Deep sea corals take centuries to grow - but can be destroyed in minutes.

Seamounts (undersea mountains) are home to dense corals. They are nurseries and breeding grounds for all kinds of ocean life and are critical for the wellbeing of our planet.

Yet right now, seabed trawling is destroying thousands of ancient deep sea coral each year.

New Zealand is one of just two countries in the South Pacific that allows this destructive and outdated fishing practice. Ecosystems are in crisis and time is running out to save our ocean.

We must act now to protect coral and stop seabed trawling on seamounts and similar places.

Minister David Parker has the power to protect these critical coral reefs. If the Government knows New Zealanders care, they will act.

Please Sign now!

Deep sea coral

© Francisco Jesús Navarro Hernández

To: Minister David Parker

We must ban bottom trawling on seamounts

Deep sea corals play a vital role in our ecosystems and are essential for the wellbeing of our ocean. These precious corals take centuries to grow, but can take only minutes to destroy. And each year, thousands of deep sea corals are destroyed by bottom trawling.
I call on the New Zealand government to ban bottom trawling on seamounts and protect these taonga from destructive bottom trawl fishing.
As the Minister responsible for protecting marine life and managing New Zealand’s fisheries, I ask that you amend fisheries rules to ban trawling on seamounts and similar deep-sea features.
New Zealand fishing companies send their vessels out to bottom trawl on seamounts and similar features on the high seas. I ask that you stop issuing high seas permits for bottom trawl fishing.
Deep sea corals are critical for the wellbeing of our planet, and we need to act quickly protect them.

Coral is Critical for Ecosystems

Deep-sea corals - found on seamounts (under-sea mountains) - form the habitat of countless diverse and irreplaceable species. They are teeming with marine life, and new deep sea creatures are being discovered there all the time.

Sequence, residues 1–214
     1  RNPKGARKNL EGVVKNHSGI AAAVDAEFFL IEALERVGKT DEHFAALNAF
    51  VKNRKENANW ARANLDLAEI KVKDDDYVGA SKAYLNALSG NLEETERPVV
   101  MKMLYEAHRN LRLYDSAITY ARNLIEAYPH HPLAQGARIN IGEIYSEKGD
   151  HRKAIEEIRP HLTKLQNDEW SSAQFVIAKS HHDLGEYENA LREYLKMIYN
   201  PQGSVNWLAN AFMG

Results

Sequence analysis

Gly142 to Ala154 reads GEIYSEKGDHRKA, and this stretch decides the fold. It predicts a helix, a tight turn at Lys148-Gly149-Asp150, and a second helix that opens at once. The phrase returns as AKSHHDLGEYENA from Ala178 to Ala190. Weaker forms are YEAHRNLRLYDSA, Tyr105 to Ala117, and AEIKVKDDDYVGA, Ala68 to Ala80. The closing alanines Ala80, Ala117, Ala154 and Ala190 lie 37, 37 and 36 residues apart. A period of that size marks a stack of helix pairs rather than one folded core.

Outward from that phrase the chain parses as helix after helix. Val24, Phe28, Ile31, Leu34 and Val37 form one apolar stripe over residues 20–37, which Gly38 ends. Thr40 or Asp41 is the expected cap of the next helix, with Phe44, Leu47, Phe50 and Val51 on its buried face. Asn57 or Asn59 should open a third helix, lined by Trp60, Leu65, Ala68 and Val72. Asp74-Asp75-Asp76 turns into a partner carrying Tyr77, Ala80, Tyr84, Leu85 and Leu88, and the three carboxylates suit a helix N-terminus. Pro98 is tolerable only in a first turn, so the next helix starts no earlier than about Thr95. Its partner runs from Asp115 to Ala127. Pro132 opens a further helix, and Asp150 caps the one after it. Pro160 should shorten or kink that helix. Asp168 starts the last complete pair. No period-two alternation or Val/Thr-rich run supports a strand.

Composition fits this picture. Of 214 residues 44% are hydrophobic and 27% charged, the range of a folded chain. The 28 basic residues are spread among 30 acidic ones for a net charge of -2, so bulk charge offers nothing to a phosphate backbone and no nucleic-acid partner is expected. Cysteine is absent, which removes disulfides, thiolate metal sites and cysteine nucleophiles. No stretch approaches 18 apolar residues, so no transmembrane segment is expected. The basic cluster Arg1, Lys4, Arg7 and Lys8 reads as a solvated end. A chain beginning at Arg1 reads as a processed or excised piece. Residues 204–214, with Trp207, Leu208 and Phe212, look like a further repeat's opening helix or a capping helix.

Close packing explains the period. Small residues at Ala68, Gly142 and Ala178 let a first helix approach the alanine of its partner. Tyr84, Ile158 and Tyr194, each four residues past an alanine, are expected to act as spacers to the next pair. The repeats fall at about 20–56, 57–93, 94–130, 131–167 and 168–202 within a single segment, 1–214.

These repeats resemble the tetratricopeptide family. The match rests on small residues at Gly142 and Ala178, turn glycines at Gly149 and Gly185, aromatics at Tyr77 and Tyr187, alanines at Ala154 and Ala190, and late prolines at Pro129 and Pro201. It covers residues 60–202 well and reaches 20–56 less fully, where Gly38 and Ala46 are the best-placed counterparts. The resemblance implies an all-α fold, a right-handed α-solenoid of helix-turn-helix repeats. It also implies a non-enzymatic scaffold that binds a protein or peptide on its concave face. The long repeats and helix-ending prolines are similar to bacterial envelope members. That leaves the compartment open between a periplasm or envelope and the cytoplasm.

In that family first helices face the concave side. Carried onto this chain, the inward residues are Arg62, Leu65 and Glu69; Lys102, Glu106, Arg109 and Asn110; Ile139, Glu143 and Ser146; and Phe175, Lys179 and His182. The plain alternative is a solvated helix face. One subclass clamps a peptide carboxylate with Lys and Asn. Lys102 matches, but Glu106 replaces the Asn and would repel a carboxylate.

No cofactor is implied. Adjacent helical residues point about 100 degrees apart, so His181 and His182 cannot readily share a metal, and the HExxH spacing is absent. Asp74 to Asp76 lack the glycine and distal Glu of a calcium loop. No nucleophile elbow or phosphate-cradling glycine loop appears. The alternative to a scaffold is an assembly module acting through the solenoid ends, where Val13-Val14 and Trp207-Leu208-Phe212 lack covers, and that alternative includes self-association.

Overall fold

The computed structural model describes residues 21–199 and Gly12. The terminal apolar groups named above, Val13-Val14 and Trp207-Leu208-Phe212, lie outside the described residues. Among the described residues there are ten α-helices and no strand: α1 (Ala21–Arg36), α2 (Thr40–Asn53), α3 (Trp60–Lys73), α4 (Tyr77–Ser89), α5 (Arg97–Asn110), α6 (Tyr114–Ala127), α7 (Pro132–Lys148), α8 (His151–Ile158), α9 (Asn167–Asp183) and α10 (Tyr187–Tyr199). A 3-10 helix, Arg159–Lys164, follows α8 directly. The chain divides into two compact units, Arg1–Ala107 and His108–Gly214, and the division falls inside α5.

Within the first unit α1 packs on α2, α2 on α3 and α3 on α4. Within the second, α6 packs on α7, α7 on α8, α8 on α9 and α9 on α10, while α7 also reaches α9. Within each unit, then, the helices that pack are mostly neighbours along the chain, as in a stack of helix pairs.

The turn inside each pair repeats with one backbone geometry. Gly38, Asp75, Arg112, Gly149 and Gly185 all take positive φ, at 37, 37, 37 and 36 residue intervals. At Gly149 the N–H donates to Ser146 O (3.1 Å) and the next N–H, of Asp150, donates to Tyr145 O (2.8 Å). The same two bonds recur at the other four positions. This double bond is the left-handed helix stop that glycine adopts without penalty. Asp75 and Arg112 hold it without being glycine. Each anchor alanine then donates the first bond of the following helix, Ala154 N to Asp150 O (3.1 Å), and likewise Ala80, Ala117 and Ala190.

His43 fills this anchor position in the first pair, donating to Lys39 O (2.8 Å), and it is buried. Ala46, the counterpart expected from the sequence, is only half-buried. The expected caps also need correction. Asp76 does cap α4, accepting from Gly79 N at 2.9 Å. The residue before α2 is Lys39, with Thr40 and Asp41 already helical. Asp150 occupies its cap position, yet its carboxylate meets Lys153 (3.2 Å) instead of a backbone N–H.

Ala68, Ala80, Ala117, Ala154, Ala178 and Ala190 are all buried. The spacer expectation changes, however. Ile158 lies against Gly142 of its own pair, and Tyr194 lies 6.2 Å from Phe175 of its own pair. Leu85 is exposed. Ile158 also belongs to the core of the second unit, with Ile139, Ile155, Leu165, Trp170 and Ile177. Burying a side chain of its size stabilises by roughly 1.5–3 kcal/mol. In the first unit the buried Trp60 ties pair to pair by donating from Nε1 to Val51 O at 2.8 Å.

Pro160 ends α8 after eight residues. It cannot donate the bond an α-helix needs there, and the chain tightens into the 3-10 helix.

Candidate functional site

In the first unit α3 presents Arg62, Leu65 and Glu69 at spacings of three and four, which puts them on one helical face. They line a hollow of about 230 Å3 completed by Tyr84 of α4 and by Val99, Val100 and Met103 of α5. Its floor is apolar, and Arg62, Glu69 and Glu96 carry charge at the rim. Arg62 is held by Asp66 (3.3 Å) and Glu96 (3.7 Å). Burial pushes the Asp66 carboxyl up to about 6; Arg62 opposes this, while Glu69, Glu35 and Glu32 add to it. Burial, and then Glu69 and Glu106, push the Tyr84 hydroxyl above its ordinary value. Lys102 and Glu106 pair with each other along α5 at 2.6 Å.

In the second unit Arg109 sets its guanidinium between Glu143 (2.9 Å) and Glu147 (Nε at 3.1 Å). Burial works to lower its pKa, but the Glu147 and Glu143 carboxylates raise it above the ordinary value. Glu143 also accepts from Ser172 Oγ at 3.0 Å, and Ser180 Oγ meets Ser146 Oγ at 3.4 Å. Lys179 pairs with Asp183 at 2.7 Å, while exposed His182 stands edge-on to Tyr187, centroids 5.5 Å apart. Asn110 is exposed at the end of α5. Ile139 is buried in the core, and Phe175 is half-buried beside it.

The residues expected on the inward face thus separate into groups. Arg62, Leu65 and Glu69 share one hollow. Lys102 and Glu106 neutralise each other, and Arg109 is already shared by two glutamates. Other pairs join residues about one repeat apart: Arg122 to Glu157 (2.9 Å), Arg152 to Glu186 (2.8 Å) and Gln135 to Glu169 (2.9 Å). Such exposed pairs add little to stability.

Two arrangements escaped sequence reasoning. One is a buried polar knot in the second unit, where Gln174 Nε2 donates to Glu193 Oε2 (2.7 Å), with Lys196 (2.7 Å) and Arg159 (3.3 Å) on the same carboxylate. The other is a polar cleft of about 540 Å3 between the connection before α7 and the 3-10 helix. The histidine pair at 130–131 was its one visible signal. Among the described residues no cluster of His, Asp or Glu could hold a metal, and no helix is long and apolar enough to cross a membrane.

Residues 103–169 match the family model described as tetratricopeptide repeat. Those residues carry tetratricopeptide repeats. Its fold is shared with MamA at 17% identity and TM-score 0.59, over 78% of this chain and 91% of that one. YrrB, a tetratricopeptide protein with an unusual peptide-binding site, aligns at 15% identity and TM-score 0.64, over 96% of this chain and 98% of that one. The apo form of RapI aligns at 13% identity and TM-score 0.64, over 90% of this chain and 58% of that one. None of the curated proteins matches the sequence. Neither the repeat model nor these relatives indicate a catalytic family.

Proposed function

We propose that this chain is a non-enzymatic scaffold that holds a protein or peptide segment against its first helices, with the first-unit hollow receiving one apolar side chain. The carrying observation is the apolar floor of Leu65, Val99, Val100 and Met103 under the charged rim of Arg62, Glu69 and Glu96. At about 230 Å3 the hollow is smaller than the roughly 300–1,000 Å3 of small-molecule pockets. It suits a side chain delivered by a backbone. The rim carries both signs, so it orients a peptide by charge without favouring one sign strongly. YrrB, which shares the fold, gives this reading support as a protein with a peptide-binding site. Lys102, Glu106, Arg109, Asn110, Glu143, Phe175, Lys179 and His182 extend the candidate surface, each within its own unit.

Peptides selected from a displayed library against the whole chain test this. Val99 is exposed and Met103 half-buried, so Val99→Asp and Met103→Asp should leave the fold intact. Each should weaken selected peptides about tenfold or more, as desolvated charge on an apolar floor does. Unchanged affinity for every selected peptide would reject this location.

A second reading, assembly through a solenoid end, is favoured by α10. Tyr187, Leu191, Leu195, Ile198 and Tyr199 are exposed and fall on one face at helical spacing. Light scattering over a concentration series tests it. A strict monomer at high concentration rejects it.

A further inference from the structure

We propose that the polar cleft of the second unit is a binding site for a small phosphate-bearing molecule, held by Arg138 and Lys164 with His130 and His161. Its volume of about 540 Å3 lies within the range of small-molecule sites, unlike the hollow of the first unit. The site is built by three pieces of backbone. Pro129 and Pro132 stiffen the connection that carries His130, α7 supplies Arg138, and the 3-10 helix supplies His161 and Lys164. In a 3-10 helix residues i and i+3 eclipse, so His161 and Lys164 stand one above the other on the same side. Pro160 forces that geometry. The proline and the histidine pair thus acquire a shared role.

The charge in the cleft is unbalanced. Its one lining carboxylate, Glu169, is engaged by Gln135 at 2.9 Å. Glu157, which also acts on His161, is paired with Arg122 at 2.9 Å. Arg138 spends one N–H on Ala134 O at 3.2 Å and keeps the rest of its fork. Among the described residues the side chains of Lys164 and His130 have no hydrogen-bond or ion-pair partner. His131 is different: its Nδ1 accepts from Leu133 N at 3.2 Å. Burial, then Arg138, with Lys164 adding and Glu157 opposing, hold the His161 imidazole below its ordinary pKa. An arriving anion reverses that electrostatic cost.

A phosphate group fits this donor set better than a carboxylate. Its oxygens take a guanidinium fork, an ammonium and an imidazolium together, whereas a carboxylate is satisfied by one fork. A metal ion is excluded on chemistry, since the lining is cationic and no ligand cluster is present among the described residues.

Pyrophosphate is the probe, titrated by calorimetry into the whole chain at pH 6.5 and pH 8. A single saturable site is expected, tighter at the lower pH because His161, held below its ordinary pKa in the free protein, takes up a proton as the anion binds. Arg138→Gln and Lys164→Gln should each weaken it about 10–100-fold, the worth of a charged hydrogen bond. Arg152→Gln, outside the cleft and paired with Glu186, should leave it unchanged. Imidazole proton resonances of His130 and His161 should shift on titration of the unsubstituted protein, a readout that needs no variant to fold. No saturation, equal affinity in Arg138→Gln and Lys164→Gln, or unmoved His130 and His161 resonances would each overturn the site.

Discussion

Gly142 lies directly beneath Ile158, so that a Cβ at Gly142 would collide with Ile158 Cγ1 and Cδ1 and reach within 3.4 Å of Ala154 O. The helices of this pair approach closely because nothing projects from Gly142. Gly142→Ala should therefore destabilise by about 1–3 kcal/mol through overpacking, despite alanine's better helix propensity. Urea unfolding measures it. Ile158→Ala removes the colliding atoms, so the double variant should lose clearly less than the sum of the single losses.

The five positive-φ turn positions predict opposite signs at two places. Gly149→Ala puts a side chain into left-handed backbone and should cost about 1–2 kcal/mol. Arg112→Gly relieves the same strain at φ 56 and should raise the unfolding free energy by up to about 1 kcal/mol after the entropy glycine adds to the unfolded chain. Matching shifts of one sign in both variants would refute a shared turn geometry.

Deep sea corals are mostly slow growing, have low natural mortality and extreme longevity - some even reaching thousands of years. For example, an Aotearoa study found that black coral Antipathari from the Chatham Rise taken at a depth of 870m was aged between 909 – 2,672 years old.

Deep sea coral is a vital part of our ecosystems and are critical for the wellbeing of our ocean and our planet.

Download Deep Sea Corals Report
© Erling Svensen / WWF

Destructive Seabed Trawling

Fishing companies drag heavily weighted nets across the seabed to catch fish like orange roughy and in the process they can destroy entire communities of marine life. New research shows that even after 15 years, heavily trawled seamounts have not even begun to recover.

New Zealand is now the only country in the South Pacific to continue this outdated fishing practice. And all six New Zealand bottom trawl vessels currently permitted to trawl in the South Pacific high seas belong to companies that have been convicted in the past year of illegally fishing in closed areas.

© Malcolm Pullman / Greenpeace

Together, we can save our coral

Within New Zealand, there are no regulations or limits on the amount of endangered coral that can be impacted and brought up in nets.

It is time to call it a day for this destructive fishery. New Zealand must end bottom trawl fishing on seamounts, and instead support research, innovation and protection of these deep-sea taonga.

© David Clode / Unsplash